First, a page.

A coalition of Iraqi civilian organizations is committed to strengthening and healing Iraqi civil society through non-violent action.
May 7th, 2008
“We would like to remind to all parties, especially those convinced that weapons can solve the problem, that violence and weapons are the real problem.”
That was how the activists of the Iraqi peace network, LAONF concluded their plea for an immediate cessation of violence by all parties – militias, the Iraqi military, and the U.S. occupation forces with their deadly air power – in the Sadr City neighborhood of Baghdad.-
Najaf 2007 Action
During 2008 Peaceful Tomorrows will work to strengthen the movement to end the U.S. occupation of Iraq by bringing Iraqis, who are employing nonviolent means to rebuild Iraqi society into direct contact with the American public and policymakers. We will partner with the Iraqi civil-society organization LAONF (which means “no to violence” in Arabic), a network of Iraqi nonviolence activists, both within Iraq and in exile, who are committed to strengthening and healing Iraqi civil society. LAONF is currently organizing their 3rd annual “Week of Nonviolent Action,” which will take place in dozens of cities and towns across Iraq in October of 2008.
By bringing the work of these courageous activists to the attention of the American public and policymakers, we hope to counter the notion that Iraqi peace requires U.S. military presence. We hope our campaign will strengthen the argument for an end to the U.S. military occupation of Iraq during a critical election season, when the future of U.S. military engagement in Iraq will be very much in the public debate. For several years, the arguments against immediate withdrawal of U.S. troops from Iraq have been supported by the perception that “Iraq will descend into violence if the U.S. leaves too soon.” These arguments have at times taken a very racist tone, “All Middle-Easterners are violent by nature.” This stance is echoed on a daily basis by media pundits, politicians and the voting public who are swayed by their arguments, and who see only images of Iraqis attacking U.S. troops and their fellow Iraqis presented in the U.S. media.
The U.S. peace movement can influence the dynamics of this debate if it creates sufficient publicity for the growing nonviolence movement in Iraq, highlighting Iraqis who are using nonviolent tactics and strategies in the struggle to end the U.S. occupation, while at the same time building a civil society coalition and culture that will foster peaceful co-existence and political stability among Iraq’s differing religious and ethnic groups. Working with LAONF to further their goals in Iraq and in the U.S. will be an exciting opportunity for all in Peaceful Tomorrows. In the long term, we can create lasting bonds of solidarity and support between the U.S. peace movement and the Iraqi nonviolence movement that will strengthen the work of both movements, and educate the American public and policy-makers about the viable options for choosing nonviolence over military action when aiming to support nation-building.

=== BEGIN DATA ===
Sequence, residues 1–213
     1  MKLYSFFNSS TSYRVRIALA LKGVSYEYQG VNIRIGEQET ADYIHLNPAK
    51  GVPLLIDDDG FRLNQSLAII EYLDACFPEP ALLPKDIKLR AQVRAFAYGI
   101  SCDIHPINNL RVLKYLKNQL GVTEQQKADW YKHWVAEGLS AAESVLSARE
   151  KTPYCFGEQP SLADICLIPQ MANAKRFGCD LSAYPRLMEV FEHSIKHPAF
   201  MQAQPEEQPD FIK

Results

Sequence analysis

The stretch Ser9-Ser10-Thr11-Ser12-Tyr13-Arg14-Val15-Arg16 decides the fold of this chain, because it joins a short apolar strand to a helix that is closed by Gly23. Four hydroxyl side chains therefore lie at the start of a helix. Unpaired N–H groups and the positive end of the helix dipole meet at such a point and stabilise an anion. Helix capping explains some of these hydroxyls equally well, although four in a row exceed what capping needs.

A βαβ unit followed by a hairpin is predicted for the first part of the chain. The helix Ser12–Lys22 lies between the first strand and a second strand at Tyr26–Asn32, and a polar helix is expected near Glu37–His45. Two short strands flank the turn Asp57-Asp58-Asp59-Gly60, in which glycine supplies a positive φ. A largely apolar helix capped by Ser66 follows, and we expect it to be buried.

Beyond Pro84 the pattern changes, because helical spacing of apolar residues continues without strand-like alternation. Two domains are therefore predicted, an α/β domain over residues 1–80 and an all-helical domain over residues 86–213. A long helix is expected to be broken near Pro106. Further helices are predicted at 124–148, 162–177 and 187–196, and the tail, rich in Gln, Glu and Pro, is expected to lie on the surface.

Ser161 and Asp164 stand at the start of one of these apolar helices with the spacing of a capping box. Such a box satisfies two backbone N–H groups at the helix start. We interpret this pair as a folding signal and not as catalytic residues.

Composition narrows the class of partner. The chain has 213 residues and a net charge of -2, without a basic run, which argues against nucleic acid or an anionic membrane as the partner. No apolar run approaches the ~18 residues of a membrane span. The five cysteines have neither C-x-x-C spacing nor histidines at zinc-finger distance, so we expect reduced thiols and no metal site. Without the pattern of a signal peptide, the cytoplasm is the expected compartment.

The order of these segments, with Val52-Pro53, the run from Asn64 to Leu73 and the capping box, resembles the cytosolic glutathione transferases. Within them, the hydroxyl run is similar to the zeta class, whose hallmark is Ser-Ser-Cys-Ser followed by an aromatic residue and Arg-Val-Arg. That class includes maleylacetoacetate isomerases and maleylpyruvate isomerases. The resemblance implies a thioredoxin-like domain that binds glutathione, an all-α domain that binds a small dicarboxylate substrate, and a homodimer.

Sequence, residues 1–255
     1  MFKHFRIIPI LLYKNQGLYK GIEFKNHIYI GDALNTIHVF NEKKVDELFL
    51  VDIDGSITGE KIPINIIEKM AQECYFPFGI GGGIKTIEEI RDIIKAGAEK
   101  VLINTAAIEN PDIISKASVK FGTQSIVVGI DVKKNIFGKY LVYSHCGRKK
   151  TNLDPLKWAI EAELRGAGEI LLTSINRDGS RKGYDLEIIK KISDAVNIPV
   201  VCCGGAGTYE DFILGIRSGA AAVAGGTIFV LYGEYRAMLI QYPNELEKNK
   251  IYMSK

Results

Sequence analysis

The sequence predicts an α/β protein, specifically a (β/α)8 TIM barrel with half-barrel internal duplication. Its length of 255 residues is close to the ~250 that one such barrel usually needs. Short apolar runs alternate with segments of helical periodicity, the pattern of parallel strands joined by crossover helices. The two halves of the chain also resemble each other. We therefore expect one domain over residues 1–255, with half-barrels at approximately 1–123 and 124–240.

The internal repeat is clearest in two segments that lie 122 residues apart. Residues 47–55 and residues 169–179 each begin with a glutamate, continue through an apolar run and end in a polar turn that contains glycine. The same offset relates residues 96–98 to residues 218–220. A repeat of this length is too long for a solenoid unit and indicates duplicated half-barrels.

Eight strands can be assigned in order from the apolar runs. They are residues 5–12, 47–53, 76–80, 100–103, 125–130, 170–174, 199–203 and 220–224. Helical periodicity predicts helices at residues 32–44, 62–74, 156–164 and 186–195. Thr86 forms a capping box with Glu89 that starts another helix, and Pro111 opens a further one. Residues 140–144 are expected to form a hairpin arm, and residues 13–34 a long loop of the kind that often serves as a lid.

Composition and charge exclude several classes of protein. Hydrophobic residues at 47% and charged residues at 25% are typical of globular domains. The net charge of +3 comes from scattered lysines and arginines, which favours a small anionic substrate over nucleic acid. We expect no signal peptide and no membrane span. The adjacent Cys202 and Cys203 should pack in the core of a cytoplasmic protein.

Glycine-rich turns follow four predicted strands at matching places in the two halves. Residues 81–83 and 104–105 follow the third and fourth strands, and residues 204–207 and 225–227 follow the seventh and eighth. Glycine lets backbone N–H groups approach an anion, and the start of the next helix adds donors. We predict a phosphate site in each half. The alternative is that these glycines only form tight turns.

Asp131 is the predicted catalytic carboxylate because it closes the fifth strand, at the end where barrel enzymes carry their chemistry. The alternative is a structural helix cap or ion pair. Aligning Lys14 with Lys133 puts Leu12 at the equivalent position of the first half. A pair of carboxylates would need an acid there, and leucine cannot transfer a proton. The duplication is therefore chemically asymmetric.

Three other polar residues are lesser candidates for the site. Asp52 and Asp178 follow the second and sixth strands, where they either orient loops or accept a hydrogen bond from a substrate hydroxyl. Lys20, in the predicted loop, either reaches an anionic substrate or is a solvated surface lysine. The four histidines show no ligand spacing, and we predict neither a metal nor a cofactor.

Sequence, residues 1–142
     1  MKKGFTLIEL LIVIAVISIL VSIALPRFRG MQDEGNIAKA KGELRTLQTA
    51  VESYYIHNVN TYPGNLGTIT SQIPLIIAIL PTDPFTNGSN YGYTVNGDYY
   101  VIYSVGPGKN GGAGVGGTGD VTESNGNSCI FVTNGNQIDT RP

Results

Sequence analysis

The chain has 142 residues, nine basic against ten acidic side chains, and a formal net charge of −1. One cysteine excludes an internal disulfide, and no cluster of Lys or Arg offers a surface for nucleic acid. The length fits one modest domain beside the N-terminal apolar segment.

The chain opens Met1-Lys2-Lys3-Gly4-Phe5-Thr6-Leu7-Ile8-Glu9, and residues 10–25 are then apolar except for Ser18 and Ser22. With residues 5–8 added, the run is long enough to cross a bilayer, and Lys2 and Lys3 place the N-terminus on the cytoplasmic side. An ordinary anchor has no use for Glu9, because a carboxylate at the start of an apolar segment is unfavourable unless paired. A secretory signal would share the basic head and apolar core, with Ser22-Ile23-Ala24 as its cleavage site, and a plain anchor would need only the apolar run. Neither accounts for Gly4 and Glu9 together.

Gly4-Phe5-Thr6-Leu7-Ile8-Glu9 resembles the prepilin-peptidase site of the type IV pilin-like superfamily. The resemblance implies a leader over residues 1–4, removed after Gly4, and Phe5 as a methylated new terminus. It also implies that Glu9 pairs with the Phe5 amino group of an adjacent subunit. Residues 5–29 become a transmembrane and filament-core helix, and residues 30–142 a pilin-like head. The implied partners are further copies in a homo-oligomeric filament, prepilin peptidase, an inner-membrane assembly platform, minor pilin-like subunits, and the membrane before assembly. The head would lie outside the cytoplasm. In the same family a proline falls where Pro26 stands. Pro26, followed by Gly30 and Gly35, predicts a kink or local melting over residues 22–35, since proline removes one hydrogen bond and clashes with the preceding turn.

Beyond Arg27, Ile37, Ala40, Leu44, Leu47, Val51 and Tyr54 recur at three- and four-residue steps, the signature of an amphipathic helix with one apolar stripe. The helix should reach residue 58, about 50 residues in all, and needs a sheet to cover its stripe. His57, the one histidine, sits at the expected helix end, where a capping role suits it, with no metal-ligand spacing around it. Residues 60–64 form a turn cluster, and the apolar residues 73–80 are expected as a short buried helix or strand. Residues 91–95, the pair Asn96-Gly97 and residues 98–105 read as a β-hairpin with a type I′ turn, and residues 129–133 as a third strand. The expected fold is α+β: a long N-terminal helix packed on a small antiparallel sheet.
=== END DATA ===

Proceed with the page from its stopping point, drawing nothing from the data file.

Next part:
Peaceful Tomorrows is planning a public education campaign, in partnership with other U.S. peace and non-violence organizations, to build solidarity for the work of LAONF. We are delighted that UFPJ, the Nonviolent Peaceforce, the Fellowship of Reconciliation, and the AFSC have already expressed interest in collaborating. We look forward to partnering with additional groups as well.
Beginning in the summer of 2008 we will use these partnerships to organize nationwide house-party screenings of a documentary about LAONF. In the process, we will be connecting communities in the United States with communities in Iraq where LAONF is organizing. On the anniversary of September 11th in 2008, Peaceful Tomorrows will feature the work of LAONF in all its statements and activities, stressing that one of the most important ways to work for peace is by supporting the work of non-violent Iraqi activists. The significance of September 11th is not only because it is the day when our family members were killed, but it is also the anniversary of Gandhi’s first use of nonviolent direct action in South Africa in 1906.
We will promote LAONF’s October 2008 “Week of Nonviolence” to U.S. peace organizations and in the U.S. media, with a possible solidarity week of nonviolent action here in the United States as well. Additionally, we hope to sponsor a U.S. speaking tour for the LAONF activists if it is logistically possible.
September 11th Families for Peaceful Tomorrows
phone: (212) 598-0970